Welcome to the Food Borne Disease Site. The sources of the foodborne illness pathogens are ubiquitous. Food and food products will always be contaminated with low levels of pathogens. At low levels, pathogenic microorganisms cause no problems. At illness thresholds, however, they can make people ill and cause death.

Friday, February 26, 2021

Hemolytic uremic syndrome

Hemolytic uremic syndrome (HUS) is defined by the simultaneous occurrence of nonimmune hemolytic anemia, thrombocytopenia and acute renal failure.

Hemolytic uremic syndrome was described in 1955 by Gasser and colleagues. The overall incidence is estimated to be 2.1 cases per 100,000 persons/year with a peak incidence between 6 months and 4 years of age.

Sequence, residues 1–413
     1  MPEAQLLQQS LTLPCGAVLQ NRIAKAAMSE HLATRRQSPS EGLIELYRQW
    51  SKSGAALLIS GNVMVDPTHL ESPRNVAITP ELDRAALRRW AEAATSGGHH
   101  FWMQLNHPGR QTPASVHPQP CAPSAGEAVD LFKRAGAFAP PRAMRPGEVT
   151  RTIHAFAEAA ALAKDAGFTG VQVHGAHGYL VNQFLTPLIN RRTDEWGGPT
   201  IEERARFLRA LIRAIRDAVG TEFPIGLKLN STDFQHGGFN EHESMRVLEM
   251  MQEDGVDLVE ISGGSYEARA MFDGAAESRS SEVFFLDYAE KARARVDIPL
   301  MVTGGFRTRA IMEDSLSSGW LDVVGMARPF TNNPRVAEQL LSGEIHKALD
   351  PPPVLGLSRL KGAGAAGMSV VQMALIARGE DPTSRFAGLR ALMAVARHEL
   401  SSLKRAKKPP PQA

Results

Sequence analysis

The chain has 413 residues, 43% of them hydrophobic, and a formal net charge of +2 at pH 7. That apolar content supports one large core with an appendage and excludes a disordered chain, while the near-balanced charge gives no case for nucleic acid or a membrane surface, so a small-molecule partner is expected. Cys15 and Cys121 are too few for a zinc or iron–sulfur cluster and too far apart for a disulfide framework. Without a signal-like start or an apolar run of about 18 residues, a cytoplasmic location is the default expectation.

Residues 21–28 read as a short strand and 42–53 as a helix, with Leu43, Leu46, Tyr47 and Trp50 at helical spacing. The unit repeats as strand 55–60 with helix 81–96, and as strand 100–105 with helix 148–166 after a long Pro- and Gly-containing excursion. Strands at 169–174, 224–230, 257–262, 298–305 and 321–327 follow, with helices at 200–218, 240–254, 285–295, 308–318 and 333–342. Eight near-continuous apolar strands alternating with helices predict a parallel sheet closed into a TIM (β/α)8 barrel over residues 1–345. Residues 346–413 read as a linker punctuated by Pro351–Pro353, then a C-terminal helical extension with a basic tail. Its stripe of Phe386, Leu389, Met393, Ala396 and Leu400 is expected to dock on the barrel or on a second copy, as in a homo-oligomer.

The signs and symptoms of Hemolytic uremic syndrome may vary, depending on the cause. Most cases of Hemolytic uremic syndrome are caused by infection with certain strains of E. coli bacteria, which first affect the digestive tract.

The illness usually caused by infection with Shiga toxin-producing Escherichia coli O157 (STEC O157).

The initial signs and symptoms of this form of Hemolytic uremic syndrome may include:
*Diarrhea, which is often bloody
*Abdominal pain, cramping or bloating
*Vomiting
*Fever

The characteristic lesion, thrombotic microangiopathy, is unique to this syndrome and consists of vessel wall thickening (capillaries and arterioles), with swelling and detachment of the endothelial cells from the basement membrane and accumulation of fluffy material in the subendothelium.
Hemolytic uremic syndrome

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